How the snake lost its limbs

Over the past month, I feel like snakes have been chasing me. First of all, I came across this great video of snakes and iguanas on Planet earth II on BBC; I am going to place it at the end of this article as a reward for those interested and as mercy to those afraid of snakes. This Thanksgiving, I unexpectedly encountered a baby rattlesnake in my tracks on a crowded hike in San Diego; I rushed away from the site before the elders in its family made an appearance, finding a great reason to be thankful for!


A baby rattlesnake: look at the distinct ringed tail. (PC: Hrishikesh Pendurkar)

I am nervous and excited in equal parts to write this post. Nervous, as I am not a snake person; its nothing personal, but I confess these slithering creatures creep me out. However, like every unique topic, I am excited and curious about snakes. How did they evolve to be so different from other vertebrates and start slithering? Coincidentally, I came across a recent paper shedding light on a factor involved in the loss of snake limbs during evolution, and I thought it might be an interesting topic to touch upon.

An important fact about genetics is that just possessing a gene does not guarantee its expression. Many other factors can increase or decrease gene-expression. One such factor is an enhancer, a short DNA sequence that can bind to transcription factors and increase the expression of another gene. This story involves ZRS, an enhancer of a gene involved in limb development of animals. Researchers from Lawrence Berkeley National lab compared ZRS sequences of several organisms, including mice, humans, fish, and different types of snakes. They noticed that the sequence of ZRS was similar in most of these animals, including ‘primitive’ snakes like boa and python, which are older in the evolutionary timeline than advanced snakes like rattlesnake, cobra, and corn snake. Surprisingly, the ZRS sequences of advanced snakes were very different from the conserved sequences observed in other organisms.

To confirm if the functions of ZRS sequences from different organisms are different, the researchers used an advanced method called CRISPR-CAS technology (more on that later). Using this method, they could substitute the ZRS sequence of mice with that from human, python, cobra, or coelacanth fish. They showed that interchanging ZRS sequence of mouse with that from human or fish did not affect the limbs of the genetically modified mice. On the contrary, substitution with the cobra-ZRS sequence resulted in ‘serpentine mice’ – mice with short, truncated limbs. How would the sequence from python, which possesses remnant vestigial limbs affect the mice? Interestingly, this substitution resulted in a milder deformation of mice, i.e. they possessed limbs, but only with 2-3 digits. This implies that the enhancer is at least partly functional in basal snakes, and probably lost its function further down the evolutionary timeline.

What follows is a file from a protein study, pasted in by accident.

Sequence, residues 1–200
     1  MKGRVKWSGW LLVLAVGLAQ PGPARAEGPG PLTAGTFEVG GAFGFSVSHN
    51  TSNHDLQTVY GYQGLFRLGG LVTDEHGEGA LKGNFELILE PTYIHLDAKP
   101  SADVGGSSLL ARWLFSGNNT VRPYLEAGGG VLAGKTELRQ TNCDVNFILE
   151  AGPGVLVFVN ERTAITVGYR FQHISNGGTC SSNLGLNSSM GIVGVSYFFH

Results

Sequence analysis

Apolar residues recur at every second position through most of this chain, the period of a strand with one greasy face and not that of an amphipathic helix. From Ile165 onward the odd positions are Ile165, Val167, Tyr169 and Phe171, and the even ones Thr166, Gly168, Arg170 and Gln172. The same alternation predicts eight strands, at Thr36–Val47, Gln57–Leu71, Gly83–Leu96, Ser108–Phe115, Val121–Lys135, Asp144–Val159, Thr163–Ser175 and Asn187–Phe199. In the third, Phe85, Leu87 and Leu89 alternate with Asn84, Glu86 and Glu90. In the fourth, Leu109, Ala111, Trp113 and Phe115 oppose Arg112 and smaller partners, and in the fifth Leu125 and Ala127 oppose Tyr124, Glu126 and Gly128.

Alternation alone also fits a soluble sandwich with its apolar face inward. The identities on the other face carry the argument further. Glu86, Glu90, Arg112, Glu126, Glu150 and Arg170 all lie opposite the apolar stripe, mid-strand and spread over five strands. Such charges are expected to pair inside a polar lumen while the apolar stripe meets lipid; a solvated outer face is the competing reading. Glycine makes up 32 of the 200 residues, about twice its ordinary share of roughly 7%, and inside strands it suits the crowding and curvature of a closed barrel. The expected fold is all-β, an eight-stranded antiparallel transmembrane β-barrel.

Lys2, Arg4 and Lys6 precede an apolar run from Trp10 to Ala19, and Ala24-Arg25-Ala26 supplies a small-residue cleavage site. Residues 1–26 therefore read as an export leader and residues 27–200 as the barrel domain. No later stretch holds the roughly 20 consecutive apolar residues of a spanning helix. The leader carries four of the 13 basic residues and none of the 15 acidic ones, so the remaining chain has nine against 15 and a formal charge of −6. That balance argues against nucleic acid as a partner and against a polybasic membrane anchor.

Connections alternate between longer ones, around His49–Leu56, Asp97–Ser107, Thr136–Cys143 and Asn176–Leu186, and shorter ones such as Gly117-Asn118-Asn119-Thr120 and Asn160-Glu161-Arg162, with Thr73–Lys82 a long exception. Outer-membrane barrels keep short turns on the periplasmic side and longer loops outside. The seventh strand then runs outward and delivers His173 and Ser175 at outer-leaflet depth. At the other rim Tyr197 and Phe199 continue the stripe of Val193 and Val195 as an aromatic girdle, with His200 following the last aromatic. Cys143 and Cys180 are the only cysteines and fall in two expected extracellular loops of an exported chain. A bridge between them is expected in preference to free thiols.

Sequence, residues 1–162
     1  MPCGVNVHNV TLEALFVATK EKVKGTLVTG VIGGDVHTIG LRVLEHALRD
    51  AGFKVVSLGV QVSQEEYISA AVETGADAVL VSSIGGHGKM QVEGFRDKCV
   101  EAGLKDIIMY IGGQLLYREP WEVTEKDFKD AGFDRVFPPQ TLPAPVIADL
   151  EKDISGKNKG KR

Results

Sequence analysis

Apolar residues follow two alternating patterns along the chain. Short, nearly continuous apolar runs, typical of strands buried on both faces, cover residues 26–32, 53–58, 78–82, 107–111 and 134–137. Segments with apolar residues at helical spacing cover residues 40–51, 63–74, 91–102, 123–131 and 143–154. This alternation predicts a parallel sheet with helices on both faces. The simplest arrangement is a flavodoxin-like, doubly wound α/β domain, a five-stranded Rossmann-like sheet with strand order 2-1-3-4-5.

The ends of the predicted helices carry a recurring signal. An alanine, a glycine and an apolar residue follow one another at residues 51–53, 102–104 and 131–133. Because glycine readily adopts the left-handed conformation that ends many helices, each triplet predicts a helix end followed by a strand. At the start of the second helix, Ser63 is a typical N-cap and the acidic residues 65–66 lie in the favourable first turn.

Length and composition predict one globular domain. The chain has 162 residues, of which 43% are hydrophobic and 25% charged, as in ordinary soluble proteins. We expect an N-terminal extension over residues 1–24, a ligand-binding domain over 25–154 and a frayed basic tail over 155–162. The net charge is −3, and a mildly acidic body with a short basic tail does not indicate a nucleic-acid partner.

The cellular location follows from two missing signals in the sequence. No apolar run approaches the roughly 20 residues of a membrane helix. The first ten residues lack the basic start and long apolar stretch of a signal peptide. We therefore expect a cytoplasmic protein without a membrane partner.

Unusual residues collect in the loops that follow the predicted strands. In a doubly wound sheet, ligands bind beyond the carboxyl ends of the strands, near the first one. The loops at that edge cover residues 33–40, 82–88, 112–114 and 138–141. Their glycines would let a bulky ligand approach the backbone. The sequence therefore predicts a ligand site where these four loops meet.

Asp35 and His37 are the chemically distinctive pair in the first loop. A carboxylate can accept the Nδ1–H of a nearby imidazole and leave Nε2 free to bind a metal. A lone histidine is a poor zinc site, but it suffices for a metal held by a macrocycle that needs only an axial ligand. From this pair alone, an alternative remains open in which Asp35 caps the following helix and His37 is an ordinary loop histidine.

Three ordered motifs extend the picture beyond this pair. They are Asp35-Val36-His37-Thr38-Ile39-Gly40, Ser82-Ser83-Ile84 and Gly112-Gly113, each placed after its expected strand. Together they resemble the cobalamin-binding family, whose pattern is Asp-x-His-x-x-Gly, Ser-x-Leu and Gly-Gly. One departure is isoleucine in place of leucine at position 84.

(Top) A normal mouse, (bottom) mouse with ZRS sequence from cobra. Figure from the original paper (1)

My main goal behind choosing this paper was not just to highlight the findings. These are of course cogs in the wheel; important, but only a part of the whole picture. What I find amazing is that we now possess the technology to replace selective fragments of singular genes to test their functionality in animal models. The concept and application of gene manipulation with CRISPR-CAS at this level is a huge leap of progress. For those interested in knowing more about this method, here is great explanatory video.

Lastly, as promised, here is the video of snakes chasing a baby iguana in Galapagos islands, which I mentioned in the beginning. Enjoy Sir David Attenborough’s commentary that one cannot stop watching it, despite the guaranteed nightmares.

The video raises an interesting point regarding island habitats. The racer snakes are seen to chase the iguana in packs, a behavior quite atypical of snakes. Previously, I had also written about the advanced tool-using skills in crows  species specific to islands. I wonder if the behavior of snakes is also influenced specifically by the isolated environment of the island? Any ideas on what are other patterns are specific to island-inhabiting populations?

Original publication

  1. Kvon, Evgeny Z., et al. “Progressive Loss of Function in a Limb Enhancer during Snake Evolution.” Cell 167.3 (2016): 633-642.

3 thoughts on “How the snake lost its limbs

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